Researchers examining an infant born with a rare mutation that causes early-onset sarcoidosis demonstrated that a skin rash and persistent fever are typical disease features that could help in making an early diagnosis of the condition.
Based on an analyses of the infant’s immune responses, the team also suggested that low levels of the cytokine interleukin-1beta (IL-1beta) may be an additional feature.
Since physicians had missed the presence of granulomas in a skin biopsy during earlier examinations, the research team also urged physicians to more strongly consider the possibility that a skin rash in infants may be caused by early-onset sarcoidosis.
The study, “Early diagnosis of early-onset sarcoidosis: a case report with functional analysis and review of the literature,” was published in the journal Clinical Rheumatology.
The 9-month-old girl came to the attention of physicians at the Shinshu University School of Medicine in Japan because of prolonged fever and a skin rash, which she started developing five months earlier.
Doctors had tried to lower her fever with a variety of treatments, but unfortunately without success. Extensive tests did not find signs of infection and a chest scan was normal, although she had clear signs of inflammation.
Although physicians at another hospital had reported that a skin biopsy of the child was normal, an analysis of a larger skin lesion revealed granulomas of the type seen in sarcoidosis. Re-assessing the tissue examined earlier revealed that so-called non-caseating granulomas were indeed present in the tissue, but had been missed by the physicians.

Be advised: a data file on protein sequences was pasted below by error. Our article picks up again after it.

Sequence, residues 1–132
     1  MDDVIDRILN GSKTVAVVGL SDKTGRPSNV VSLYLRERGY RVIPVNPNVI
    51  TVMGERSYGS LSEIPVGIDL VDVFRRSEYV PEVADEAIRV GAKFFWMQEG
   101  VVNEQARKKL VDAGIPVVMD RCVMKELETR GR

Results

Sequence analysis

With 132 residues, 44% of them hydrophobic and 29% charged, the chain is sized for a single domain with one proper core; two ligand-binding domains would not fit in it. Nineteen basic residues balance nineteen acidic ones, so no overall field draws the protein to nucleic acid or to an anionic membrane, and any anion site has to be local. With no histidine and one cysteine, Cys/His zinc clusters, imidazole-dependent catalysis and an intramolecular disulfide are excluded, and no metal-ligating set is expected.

Since early-onset sarcoidosis is identical to a disease caused by mutations in the NOD2 gene, physicians started genetic testing. They found a rare mutation in both copies of the gene (the M513T mutation), supporting the diagnosis of early-onset sarcoidosis.
But to better understand the disease processes and identify factors that may be used to support an early diagnosis in similar cases, the team did an extensive analysis, examining the production of cytokines and inflammatory pathways.
They found that the baby’s levels of IL-1beta were lower than normal. In addition, researchers found that NF-kappaB — a factor that activates a broad range of inflammatory processes — was abnormally active.
The team then searched scientific articles published between 1981 and 2016 in search of further clues of characteristic features that may aid a diagnosis.
Earlier studies showed that the skin rash was present in all children previously described with a diagnosis of early-onset sarcoidosis, and half of them also had a persistent fever. Eye problems were also found to be common in patients with this condition.
The team concluded that “skin rash with granuloma formation in infants with persistent inflammation represents a possible hallmark for the early diagnosis of EOS [early-onset sarcoidosis]. Greater understanding of the influence of the M513T mutation will contribute to improved diagnosis and treatments for EOS.”